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Poster Abstracts

Person-centeredness and person-centred care in practice: an overview of reviews


Caroline Feldthusen ,

University Of Gothenburg, Sweden, SE
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Emma Forsgren,

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Sara Wallström,

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Eva Jakobsson Ung,

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Joakim Öhlén

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Person-centred care (PCC) entails that the unique values and preferences of each patient is taken into account and that care is achieved in partnership between patient and professionals. Due to the large number of publications and the diversity in terminology used (e.g. person-centred care, patient-centred care, family-centred care etc.) research results on PCC are not easily accessible, which in effect hinders evidence-based PCC. The aim was to address and elaborate on a common ground in how PCC is presented and displayed in current synthesized research literature.


An overview of reviews were conducted. Searches were done in PubMed, Cinahl, Scopus, PsychINFO, Web of Science and Embase.

Inclusion criteria

Reviews of empirical studies with systematic searches, published between 2017- 2018, written in English, involving human participants in healthcare settings, and incorporating a construct of PCC defined as; I) viewing the patient as a person (i.e.someone who has the ability and resources to express their will, needs, and desires), and II) working in a collaborative partnership involving patient, health care professionals and other people of importance in the patient’s life.


The search strategy identified 3697 reviews of which 31 were included in this overview.

In the included records, many terms were used together with the concept of centredness including person/patient/family/child and client. The synthesis of data showed three main areas presented in the included reviews:

Attributes of PCC:

Three attributes elaborating on the construct of PCC were identified: Being unique; Being heard; and Shared responsibility.



Translation of PCC into practice:

Practicing PCC included Getting to know the patient; Building a shared understanding; and Create opportunity for the patient/ significant others to act. Prerequisites facilitating PCC practice included The organization/leadership; Training and education of health care staff; Time, flexibility and continuity; Guidelines, tools and documentation of goals and care plans; and measurements of PCC.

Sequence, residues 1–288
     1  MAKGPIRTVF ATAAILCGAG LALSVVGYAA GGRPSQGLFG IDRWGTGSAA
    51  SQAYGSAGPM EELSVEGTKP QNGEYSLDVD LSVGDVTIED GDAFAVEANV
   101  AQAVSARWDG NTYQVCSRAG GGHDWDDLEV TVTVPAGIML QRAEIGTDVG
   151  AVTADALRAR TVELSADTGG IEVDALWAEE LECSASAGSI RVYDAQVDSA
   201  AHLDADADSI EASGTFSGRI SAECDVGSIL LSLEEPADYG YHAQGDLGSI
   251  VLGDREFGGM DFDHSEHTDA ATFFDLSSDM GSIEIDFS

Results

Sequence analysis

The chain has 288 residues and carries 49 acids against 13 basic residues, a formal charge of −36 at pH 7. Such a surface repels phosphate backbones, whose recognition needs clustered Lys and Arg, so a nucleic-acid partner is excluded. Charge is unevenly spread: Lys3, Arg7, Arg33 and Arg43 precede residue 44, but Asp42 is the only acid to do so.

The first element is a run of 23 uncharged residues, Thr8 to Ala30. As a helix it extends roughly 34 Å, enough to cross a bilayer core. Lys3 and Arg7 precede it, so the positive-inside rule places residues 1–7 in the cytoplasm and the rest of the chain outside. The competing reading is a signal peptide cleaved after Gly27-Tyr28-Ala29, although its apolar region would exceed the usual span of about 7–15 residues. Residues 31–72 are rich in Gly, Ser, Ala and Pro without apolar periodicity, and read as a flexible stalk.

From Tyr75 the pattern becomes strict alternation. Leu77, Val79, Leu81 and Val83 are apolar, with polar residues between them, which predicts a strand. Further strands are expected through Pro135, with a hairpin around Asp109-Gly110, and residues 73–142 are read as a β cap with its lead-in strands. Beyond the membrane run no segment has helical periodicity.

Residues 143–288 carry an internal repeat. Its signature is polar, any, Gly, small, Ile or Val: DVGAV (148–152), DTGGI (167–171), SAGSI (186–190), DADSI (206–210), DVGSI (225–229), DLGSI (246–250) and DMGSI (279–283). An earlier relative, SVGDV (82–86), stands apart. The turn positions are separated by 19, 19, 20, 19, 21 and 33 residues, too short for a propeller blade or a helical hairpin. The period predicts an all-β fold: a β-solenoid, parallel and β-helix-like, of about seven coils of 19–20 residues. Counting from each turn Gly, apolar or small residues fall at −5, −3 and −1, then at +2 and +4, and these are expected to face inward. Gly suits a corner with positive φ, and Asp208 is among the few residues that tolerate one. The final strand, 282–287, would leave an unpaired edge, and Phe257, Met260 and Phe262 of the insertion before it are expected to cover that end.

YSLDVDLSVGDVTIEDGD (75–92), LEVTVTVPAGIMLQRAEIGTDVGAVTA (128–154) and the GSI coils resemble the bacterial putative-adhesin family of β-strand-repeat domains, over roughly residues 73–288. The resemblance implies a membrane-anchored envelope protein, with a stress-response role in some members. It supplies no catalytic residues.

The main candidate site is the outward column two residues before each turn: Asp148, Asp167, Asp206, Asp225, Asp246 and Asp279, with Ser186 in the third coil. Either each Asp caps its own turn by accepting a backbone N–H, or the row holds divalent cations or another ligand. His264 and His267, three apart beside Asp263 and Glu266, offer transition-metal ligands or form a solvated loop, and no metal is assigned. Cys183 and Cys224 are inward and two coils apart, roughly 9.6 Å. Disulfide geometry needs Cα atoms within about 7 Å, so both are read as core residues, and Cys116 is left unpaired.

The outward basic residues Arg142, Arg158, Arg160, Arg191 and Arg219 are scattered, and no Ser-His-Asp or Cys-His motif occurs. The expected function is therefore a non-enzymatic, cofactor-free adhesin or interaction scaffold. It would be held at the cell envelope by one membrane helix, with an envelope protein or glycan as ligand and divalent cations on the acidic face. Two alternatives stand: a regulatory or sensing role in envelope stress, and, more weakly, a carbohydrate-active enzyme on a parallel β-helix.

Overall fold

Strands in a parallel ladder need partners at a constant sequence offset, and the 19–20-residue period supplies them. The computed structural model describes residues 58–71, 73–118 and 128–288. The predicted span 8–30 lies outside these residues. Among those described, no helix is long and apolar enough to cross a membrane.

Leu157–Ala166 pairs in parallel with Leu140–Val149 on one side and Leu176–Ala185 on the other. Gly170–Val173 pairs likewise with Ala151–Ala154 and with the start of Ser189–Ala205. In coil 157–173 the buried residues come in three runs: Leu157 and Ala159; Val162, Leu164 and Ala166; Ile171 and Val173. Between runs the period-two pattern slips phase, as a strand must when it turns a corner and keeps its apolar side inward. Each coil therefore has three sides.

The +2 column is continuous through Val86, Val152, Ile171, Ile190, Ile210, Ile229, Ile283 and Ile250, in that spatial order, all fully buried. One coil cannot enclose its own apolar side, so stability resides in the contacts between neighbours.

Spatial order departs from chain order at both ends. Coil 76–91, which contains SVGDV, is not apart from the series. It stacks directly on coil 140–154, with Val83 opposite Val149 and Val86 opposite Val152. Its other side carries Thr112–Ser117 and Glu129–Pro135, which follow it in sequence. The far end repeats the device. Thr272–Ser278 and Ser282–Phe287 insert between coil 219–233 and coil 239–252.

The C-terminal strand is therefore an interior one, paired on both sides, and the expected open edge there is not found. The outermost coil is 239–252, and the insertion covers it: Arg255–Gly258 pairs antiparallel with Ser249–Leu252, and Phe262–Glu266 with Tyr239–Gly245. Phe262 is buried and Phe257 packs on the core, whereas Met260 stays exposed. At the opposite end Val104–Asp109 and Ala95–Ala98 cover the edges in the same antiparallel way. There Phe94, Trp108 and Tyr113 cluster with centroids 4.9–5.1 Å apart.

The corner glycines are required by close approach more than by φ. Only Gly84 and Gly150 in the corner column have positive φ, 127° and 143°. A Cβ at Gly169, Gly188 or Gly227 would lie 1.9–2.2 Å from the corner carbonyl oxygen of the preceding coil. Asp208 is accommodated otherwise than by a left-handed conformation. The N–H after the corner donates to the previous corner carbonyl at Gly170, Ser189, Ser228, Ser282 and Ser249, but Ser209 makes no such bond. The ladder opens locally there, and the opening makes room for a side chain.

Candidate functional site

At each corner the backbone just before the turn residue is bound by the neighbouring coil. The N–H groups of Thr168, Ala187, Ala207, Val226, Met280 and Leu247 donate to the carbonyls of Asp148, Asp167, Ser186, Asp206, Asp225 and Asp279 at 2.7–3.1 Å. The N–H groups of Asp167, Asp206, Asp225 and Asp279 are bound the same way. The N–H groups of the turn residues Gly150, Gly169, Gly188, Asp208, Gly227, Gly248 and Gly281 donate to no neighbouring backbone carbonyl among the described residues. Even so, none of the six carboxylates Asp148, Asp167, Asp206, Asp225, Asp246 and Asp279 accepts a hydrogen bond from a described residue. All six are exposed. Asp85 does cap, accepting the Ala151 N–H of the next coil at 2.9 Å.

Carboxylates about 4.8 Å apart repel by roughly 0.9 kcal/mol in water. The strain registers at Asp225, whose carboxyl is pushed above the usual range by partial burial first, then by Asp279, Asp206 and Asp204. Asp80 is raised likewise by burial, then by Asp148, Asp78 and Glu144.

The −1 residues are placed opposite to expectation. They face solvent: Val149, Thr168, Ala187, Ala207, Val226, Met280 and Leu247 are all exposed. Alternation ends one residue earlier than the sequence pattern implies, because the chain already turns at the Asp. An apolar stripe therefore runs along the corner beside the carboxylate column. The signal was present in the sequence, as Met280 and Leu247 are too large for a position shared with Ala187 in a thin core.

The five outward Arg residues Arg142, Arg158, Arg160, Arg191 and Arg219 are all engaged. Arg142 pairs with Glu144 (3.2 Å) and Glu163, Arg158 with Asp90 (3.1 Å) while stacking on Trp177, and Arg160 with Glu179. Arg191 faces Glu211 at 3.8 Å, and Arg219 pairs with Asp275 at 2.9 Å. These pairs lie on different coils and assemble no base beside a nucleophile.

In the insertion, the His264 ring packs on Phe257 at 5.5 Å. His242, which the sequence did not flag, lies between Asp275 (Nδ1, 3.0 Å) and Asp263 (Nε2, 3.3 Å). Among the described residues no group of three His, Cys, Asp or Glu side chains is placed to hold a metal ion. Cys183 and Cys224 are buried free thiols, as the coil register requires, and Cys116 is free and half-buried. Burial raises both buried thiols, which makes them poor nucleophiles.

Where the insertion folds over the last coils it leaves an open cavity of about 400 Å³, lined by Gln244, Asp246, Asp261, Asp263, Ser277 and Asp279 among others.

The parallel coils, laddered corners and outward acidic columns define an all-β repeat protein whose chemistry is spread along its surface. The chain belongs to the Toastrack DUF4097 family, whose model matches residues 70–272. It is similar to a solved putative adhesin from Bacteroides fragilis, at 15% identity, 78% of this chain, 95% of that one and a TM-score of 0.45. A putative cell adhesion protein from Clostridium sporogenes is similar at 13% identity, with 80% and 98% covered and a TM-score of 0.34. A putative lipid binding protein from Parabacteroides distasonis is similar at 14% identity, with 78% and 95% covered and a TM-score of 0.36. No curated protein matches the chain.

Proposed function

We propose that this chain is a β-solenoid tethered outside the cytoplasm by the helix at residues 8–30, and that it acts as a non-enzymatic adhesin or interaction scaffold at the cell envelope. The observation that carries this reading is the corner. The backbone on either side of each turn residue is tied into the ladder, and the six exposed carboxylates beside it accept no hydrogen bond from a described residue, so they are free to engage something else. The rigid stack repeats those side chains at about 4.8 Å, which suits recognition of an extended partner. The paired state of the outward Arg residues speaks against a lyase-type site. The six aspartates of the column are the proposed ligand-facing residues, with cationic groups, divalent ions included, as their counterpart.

Outcomes measuring effects of PCC:

Outcome measures included Observational health related outcomes, adherence and behaviour; Family involvement and experience of family members; Care processes, organizational effects; and Patient-reported outcomes.


The many terms used with unclear and overlapping definitions as related to PCC was confirmed in this review. The three attributes of PCC: being unique, being heard, and shared responsibility confirms that there is a common underlying ethical and conceptual denominator among PCC constructs; explicit or implicit. This review also identifies a number of prerequisites in order for PCC to be realized in practice and current outcome measures used to explore effects of PCC.

Conclusions (key findings)

Our study highlights the conceptual and terminological confusion in the PCC literature.

Three common attributes of PCC were found in the synthesis of reviews: being unique, being heard, and shared responsibility.

Lessons learned

Challenges involved in delimitations of database searches.


 Limited timeframe, only 2 years. Hence, this study should be seen as features related to the overall research field on PCC.

Suggestions for future research

Further reviews in the PCC research field is merited as well as theoretical inquiry to facilitate conceptual clarity.  

How to Cite: Feldthusen C, Forsgren E, Wallström S, Jakobsson Ung E, Öhlén J. Person-centeredness and person-centred care in practice: an overview of reviews. International Journal of Integrated Care. 2022;22(S1):32. DOI:
Published on 08 Apr 2022.


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